You are attracted to a house that is perfectly located but it just came out of foreclosure and needs a lot of work to make it habitable. To swing the deal, you need to finance both the purchase and the required repairs. How do you do that?
I recently wrote an article dealing with the first part of this problem: financing the purchase of a house in such poor condition that it might prove unacceptable to lenders as collateral. A strategy for minimizing the risk of getting turned down for a purchase mortgage is described in Purchase a House in Poor Condition? (www.mtgprofessor.com/A%20-%20Purchasing%20a%20House/purchase_a_house_in_poor_condition.html) on my website.
But getting the mortgage required to purchase a house is only one of the challenges facing the buyer when the house needs work. The second challenge is finding a way to finance the needed repairs. The standard purchase mortgage doesn’t do that because it is based on the lower of sale price or the appraised value of the home in its current condition.
An obvious solution is a second mortgage, but they are not available in the current market except where the first mortgage is too small to do the buyer any good. Second mortgage lenders are still smarting from the steep losses they suffered on second mortgages written during the go-go years leading up to the financial crisis. An unsecured personal loan would be extremely costly if it were available at all.
The solution to this problem is a mortgage on which the loan amount is based on the value of the property after needed repairs have been made. Then one mortgage would cover both a purchase and the repairs needed to make the house habitable. This is future value financing, and it is available through a special FHA program termed “203(k).” This program is available to both home purchasers and existing homeowners who want to rehabilitate their properties in conjunction with a refinance.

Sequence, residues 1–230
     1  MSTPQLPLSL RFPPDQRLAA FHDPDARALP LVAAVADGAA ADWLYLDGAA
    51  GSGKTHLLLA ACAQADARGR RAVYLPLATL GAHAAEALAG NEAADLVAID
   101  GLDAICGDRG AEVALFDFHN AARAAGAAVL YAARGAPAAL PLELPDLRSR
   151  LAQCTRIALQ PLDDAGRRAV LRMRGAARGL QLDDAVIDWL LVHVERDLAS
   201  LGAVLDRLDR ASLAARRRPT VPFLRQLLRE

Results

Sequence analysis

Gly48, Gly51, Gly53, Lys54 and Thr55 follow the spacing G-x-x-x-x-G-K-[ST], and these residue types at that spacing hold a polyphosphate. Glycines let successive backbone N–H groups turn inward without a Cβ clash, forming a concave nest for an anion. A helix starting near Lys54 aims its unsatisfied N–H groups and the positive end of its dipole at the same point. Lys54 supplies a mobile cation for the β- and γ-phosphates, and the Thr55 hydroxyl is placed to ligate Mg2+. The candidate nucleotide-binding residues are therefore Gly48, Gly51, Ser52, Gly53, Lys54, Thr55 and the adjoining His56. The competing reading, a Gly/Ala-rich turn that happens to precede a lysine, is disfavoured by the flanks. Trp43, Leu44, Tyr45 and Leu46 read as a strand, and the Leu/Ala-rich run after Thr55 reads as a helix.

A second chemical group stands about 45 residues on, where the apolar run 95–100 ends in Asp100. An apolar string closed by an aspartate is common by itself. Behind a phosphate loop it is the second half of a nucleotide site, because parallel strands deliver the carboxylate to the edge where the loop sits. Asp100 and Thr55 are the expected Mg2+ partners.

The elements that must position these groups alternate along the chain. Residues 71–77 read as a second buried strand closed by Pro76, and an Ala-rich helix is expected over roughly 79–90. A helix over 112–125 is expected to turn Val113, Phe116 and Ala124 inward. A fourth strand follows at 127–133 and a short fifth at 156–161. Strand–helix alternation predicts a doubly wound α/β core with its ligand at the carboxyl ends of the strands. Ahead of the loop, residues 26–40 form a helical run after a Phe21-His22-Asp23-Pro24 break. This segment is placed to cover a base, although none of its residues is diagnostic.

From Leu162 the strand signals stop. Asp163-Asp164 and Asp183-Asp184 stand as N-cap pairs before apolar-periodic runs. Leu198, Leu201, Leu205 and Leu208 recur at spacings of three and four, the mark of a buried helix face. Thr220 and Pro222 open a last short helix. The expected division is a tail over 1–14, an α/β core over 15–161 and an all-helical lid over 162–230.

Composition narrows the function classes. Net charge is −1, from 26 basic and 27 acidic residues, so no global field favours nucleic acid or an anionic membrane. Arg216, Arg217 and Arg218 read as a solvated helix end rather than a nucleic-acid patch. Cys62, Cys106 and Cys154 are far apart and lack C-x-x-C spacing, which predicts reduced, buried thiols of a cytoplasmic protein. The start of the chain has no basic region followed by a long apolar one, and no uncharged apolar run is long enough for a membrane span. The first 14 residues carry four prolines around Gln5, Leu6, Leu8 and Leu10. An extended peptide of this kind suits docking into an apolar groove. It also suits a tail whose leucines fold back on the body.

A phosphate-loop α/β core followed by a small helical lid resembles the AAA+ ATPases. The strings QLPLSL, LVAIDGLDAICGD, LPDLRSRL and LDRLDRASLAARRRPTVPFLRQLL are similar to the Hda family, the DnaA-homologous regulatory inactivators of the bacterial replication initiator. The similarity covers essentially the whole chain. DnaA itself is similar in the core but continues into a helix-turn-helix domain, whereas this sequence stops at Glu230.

The Section 203(k) program is complicated because FHA as the risk bearer has to make sure the future value of the property upon which the mortgage amount is based actually materializes. To protect itself, FHA requires an appraisal of the property’s value after completion of the planned rehabilitation, in addition to an appraisal of the property “as is.”
Further, before the mortgage is insured, the lender must create a rehabilitation escrow account that contains the money allocated for expenses. FHA has procedures in place to assure draws against this account are properly disbursed and accounted for, and that the rehabilitation work is completed.
Lenders are encouraged to participate in 203(k)s by the insurance against loss provided by FHA. However, 203(k)s are more complicated and involve more paperwork than the mainstream FHA program, and participating lenders use specially trained staff. As a result, many lenders don’t offer 203(k)s. Lenders that do offer them charge a rate above that on standard FHAs — figure on paying about 0.25 percent more. HUD provides a list of Section 203(k) lenders; see FHA 203(k) lenders (www.hud.gov/ll/code/llslcrit.cfm). I have started a project to certify Section 203(k) lenders, but it is not yet ready.
The borrower looking for future value financing must deal with multiple players. In a typical case, the real estate agent who shows a potential buyer a house in need of work will recommend a lender who will preapprove the borrower for a 203(k). The preapproval is based on estimates of sale price and repair costs. The sale price estimate is provided by an appraiser selected by the lender who values the property on both an as-is and after-repairs basis. The repair cost is provided by a licensed general contractor who is usually recommended by the lender.
In addition, if the repair costs are more than $35,000, FHA requires the borrower to retain a HUD-approved consultant to help manage the process. Among other things, the consultant prepares the required architectural exhibits, and monitors the improvements at each stage. HUD provides a list of consultants (see FHA 203(k) consultants: entp.hud.gov/idapp/html/f17cnsltdata.cfm), and sets their fee schedule, but does not warrant their performance. Lenders will usually recommend consultants they have worked with, and this is one case where a lender referral is likely to serve the borrower well. The consultant’s fee can be included in the mortgage.
I expect to see increasing use of 203(k) in the next few years. Millions of homes emerging from the foreclosure process will enter the market, and many of them have been neglected and need work.
Thanks to Ritchie Love and Robert Obday of Monarch Bank for help on this article.
ź Contact Jack Guttentag via his website at mtgprofessor.com.
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